I’ve very rarely felt more genuine conflict in a theatre than in Bertrand Lesca and Nasi Voutsas brilliantly gruelling Palmyra. A hammer has been entrusted to an audience member and both performers are pleading with her to give them the hammer. Violence is potentially only a decision away; any decision feels like it can only lead to bleakness. As the minutes tick down the pressure cooker heats up. We, the audience, feel complicit. This is a worthwhile sequel to the equally brilliant EuroHouse, its title referencing the city that has changed sides a number of times over the course of the war, here the audience like the inhabitants of the city find their allegiances turn over and over again from tall, handsome, softly spoken Bertrand to Nasi’s smaller, bearded, more beaten down frame. Crockery is smashed, blows rained down on each man, playground squabbling turns nasty. It’s a piece about how relationships can turn sour, friendships turning to violence in little more than a song by Ella Fitzgerald. By the end debris is scattered everywhere, the Arnolfini a warzone. Yet it ends on hope. As Voutsas begins sweeping up the stage, two audience members (plants?) offer to help him clear it away. The three work in tandem to clear the space. It’s an image that offers hope. It’s a work that lasts but an hour but will be thought about, dissected and analysed for many more.
Annie Siddon’s latest autobiographical piece How (Not) To Live In Suburbia tackles the loneliness of suburban life. Trapped in Twickenham, ‘home of English rugby,’ her zone 5 location to New Cross where her musician lover ups and leaves, seems as impossible to navigate as the Sergeyevna’s sisters determination to hit Moscow. An agent demanding a follow up to her first hit, the prohibitive cost of childcare, the falling apart of a marriage, it all leads to her feeling trapped and being visited by the walrus of loneliness who we get to see in Richard DeDomenici’s witty video work. In truth it may offer too much film to stage time, mainly because Siddon’s is such an expert story teller that every time she is off the stage she is missed. The work has similarities to another fringe hit, Fleabag so it’s not surprising to hear the work has been gobbled up by hungry tv executive and will be adapted in the coming months. Will Siddon’s follow the same path as Phoebe Waller Bridge and be appearing in a Marvel tentpole before we know it?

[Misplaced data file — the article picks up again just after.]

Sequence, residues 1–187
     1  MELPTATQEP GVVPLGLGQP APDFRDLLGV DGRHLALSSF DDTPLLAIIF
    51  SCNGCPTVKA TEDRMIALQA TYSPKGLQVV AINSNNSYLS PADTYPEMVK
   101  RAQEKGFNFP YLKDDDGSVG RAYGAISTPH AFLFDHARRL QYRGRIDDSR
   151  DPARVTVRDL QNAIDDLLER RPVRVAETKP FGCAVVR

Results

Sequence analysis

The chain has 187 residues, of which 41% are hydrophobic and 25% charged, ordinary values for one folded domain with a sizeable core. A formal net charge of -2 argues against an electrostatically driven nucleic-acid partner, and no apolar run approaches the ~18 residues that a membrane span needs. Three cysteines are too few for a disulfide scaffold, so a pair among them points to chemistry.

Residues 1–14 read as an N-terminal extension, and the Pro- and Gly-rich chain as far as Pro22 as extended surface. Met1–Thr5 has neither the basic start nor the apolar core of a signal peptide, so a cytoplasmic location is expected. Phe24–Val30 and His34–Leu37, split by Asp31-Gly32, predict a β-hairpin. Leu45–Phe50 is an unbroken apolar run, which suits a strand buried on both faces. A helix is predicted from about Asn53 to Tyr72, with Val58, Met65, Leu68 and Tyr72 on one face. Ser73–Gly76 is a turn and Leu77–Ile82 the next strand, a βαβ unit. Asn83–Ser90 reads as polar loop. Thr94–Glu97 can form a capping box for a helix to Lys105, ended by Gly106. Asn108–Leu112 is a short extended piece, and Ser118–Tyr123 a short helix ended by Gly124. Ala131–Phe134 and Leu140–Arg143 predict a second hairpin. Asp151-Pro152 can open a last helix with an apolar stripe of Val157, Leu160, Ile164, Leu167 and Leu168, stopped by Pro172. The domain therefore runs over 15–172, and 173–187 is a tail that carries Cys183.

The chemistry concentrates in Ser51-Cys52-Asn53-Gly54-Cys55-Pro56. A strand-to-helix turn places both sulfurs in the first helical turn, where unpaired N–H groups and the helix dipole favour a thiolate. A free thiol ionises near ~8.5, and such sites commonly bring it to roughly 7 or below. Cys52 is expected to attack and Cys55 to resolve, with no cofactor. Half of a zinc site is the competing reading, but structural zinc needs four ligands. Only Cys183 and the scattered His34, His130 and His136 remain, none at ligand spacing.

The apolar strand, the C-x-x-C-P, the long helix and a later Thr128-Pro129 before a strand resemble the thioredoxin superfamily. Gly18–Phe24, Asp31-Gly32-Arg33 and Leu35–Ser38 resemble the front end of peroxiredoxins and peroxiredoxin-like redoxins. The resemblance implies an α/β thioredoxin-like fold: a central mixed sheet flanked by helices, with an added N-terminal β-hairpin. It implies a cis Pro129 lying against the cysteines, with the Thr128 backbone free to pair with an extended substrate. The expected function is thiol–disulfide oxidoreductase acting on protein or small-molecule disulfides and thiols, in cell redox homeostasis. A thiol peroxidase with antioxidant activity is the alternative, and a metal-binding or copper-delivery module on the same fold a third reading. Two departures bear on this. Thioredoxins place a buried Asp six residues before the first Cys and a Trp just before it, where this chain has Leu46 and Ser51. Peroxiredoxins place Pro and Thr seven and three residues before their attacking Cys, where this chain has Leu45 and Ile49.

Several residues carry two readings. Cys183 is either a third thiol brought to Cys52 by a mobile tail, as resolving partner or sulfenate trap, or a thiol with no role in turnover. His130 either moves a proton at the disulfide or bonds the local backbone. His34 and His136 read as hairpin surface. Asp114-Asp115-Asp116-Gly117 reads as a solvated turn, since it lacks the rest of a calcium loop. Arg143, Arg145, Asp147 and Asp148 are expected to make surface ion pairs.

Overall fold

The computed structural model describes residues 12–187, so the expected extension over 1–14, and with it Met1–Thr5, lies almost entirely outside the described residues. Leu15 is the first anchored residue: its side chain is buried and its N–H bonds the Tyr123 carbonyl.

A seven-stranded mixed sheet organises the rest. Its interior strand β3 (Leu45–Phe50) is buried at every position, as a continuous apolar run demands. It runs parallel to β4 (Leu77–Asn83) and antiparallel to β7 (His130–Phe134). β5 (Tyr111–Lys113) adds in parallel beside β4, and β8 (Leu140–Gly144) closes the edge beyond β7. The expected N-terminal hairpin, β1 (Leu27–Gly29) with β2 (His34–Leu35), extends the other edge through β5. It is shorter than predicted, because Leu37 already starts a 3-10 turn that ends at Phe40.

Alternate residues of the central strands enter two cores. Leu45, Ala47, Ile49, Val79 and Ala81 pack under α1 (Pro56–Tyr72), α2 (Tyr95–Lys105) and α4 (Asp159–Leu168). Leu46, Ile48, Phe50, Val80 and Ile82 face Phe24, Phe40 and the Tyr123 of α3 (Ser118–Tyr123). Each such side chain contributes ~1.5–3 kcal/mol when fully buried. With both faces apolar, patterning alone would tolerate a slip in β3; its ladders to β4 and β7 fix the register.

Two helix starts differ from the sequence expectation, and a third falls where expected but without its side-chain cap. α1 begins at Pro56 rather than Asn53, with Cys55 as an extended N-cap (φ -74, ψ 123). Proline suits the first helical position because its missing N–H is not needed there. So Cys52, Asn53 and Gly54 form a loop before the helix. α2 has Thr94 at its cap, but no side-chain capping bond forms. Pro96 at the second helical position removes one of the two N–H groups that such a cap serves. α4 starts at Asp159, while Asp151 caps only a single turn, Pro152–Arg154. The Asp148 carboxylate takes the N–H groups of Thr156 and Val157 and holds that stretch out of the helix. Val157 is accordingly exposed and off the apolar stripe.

My favourite two shows of Mayfest 2018 had music at their heart. Off Broadway hit Old Stock A Refugee Love Story took up residence at Bristol Old Vic and its enchanting hybrid of folk -kletzmer – music theatre left me enchanted. It’s song cycle tells the story of two refugees who meet off the boat in Halifax Nova Scotia and their subsequent journey through marriage, family and their assimilation into Canandian life. The MC Ben Caplan is frankly extraordinary, coiffured up and with a voice that reminds one concurrently of Tom Waits and Leonard Cohen, his sardonic delivery always leaves it in the balance how this story will end. It balances the toughness of the lives these two encountered with something honestly romantic. There are no Disney love stories here but something equally as enriching emerges. Tender and tough, lyrical and cruel, it’s a beautiful thing that left me stirred.
Mayfest is great at allowing us to discover hybrid’s and nothing achieved that balance than the pure crowd pleasing, raucous We Are Lightning! A celebration and a defence of live music venues the Trinity Centre brought together music from across the spectrum of Bristol, a teenage band making their first steps, a 30 strong community choir, a brass band, heavy metal guitarists, all combine to make the most joyful hour I saw at this festival. Music matters in all its forms and has the potential to change lives, from the delicate male tenor taking a solo line in the choir to the guitar riffing leather jacketed student, poised and cool as her bands frontwomen. Joseph O’Farrell’s and Sam Halmarack’s piece raises the roof off the Trinity as come its climax as all the musicians join together for one last defiant howl. It’s what Mayfest does best, bringing forms and artists together to interrogate and discover and find new ways of making art. I already am counting down the days until 2020.